I’m using the Organelle to play backing tracks on an upcoming tour, and I’m using a Yamaha DTX-Multi12 (drum pad) to trigger them. Most drum pad samplers have a function where when you trigger one sample, it can turn the last sample off so you can trigger different parts of songs seamlessly. I’d like to use Jeraphy Simple OR Sample Style as my sampler, and I’d essentially like to make it so they can only play one sample at a time.
One possible work around might be to make it so that the sample would only continue to loop if the Organelle key was held down. The Yamaha pad can ‘hold’ a midi note, then switch it off when another note is played. The reason that won’t work with the patches the way they are now is because you need to press the button a second time to stop the sample loop.
Any help on this would be greatly appreciated!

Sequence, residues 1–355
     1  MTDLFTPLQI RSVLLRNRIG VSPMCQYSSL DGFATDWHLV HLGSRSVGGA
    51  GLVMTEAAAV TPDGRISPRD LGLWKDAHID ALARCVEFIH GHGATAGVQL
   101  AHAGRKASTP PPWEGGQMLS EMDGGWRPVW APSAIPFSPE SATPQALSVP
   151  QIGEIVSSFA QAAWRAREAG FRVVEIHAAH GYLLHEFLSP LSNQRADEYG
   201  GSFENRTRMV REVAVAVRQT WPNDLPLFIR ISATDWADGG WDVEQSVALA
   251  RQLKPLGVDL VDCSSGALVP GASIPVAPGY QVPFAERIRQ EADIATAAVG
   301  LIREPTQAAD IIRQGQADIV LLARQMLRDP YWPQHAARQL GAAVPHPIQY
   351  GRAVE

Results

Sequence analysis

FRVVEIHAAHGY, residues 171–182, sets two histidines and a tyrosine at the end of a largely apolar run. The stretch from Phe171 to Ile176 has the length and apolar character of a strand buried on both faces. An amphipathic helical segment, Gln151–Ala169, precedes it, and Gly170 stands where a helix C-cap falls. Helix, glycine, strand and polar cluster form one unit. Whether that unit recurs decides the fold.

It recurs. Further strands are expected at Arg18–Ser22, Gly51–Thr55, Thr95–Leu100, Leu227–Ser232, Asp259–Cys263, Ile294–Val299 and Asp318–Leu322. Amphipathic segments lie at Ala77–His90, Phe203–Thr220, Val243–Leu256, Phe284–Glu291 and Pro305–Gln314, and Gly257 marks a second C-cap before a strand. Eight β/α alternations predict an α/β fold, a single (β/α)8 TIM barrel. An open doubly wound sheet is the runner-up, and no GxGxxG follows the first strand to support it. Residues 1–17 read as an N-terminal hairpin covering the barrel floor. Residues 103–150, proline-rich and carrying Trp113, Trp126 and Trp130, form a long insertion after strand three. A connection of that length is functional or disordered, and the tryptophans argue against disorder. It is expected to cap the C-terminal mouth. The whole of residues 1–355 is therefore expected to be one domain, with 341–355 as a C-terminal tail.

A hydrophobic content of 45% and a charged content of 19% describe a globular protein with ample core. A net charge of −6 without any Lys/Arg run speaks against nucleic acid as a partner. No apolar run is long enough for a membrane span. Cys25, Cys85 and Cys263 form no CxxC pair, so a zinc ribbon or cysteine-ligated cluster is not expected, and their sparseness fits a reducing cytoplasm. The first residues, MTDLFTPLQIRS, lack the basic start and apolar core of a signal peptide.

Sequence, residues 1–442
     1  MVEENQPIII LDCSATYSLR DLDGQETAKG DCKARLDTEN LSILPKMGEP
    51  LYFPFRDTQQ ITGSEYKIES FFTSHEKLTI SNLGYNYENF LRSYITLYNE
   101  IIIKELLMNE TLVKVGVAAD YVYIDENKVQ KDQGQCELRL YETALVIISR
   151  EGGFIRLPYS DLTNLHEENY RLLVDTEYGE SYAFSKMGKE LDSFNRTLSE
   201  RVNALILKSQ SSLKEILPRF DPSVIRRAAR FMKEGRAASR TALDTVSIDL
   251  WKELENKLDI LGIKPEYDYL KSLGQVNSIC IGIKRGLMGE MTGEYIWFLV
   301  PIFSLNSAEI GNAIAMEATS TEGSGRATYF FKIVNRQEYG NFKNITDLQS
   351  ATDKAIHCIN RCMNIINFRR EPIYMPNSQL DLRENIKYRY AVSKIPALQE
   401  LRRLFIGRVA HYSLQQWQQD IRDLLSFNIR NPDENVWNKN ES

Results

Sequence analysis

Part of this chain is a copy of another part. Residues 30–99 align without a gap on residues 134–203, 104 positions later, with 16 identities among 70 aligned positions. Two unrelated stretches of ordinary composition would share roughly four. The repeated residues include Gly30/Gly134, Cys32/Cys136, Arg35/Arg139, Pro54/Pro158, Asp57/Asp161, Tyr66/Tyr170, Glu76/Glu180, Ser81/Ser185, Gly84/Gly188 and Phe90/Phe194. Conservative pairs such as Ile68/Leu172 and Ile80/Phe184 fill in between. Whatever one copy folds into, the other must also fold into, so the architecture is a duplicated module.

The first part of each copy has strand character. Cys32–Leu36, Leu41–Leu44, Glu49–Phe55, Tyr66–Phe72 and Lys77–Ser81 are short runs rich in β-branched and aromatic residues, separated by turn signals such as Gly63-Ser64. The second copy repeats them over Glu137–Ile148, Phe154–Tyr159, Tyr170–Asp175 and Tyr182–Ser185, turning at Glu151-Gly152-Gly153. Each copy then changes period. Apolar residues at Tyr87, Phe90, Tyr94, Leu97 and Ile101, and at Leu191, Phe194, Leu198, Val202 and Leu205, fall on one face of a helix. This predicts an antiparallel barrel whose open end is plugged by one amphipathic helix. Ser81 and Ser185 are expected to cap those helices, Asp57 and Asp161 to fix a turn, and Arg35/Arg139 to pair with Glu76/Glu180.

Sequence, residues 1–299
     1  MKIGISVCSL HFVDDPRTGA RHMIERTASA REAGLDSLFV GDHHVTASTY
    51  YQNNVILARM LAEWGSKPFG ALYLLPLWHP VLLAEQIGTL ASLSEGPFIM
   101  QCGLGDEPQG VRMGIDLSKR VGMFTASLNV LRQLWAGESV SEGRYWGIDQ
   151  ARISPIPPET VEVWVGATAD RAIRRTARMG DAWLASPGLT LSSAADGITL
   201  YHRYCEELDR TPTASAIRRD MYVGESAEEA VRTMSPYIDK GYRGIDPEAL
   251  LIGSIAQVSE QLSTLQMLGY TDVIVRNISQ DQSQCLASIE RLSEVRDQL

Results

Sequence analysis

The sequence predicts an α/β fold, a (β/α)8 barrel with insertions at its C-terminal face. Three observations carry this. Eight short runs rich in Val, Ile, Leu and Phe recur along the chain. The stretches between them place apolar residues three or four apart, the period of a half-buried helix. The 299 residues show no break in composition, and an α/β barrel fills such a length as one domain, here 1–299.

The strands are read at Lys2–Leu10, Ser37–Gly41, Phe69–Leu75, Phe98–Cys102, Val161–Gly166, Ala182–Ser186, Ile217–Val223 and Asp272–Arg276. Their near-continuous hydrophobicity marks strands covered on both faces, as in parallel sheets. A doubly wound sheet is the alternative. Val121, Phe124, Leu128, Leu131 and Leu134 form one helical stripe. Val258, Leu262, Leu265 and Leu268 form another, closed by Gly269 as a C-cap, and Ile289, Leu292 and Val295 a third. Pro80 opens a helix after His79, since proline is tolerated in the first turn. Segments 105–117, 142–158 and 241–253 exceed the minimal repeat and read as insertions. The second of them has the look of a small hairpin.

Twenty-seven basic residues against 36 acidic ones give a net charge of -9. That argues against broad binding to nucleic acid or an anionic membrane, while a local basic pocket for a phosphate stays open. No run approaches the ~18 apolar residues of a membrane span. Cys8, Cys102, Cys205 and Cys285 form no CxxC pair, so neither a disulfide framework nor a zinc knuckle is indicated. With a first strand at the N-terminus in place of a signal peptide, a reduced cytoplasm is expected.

Changing the subject on this one, because it seems like the way to go is to make a sampler that has a latch function, similar to something found on a more droney synth like Zone or Genny. I’ve only done very simple patching on PD-- turning poly synths into mono synths and the like.
Why don’t just build your own patch? Use the soundfiler-object to write your samples to arrays and then use the tabplayer~ object to play them back (it can receive stop-messages). Study the help files for these objects and you should be able to pull this off. Under PD HELP there’s a browser with tutorials and examples should you need more info…
Check out C&G tutorials regarding how to make patches for the Organelle and then build exactly what you need.
…and if you get stuck, feel free to ask for help.
Thanks for the info @callmesam. I’d love to make my own patch, but I don’t have time to learn all this stuff before I hit the road. I think I found a temporary solution. When I get back from this tour I’m gonna spend more time with PD.
As a side note-- thank you for Supersynth, Continental Breakfast, and Mellowtron!!! They are some of my favorite patches by far, I’ve been getting a lot of use out of them, especially the last two.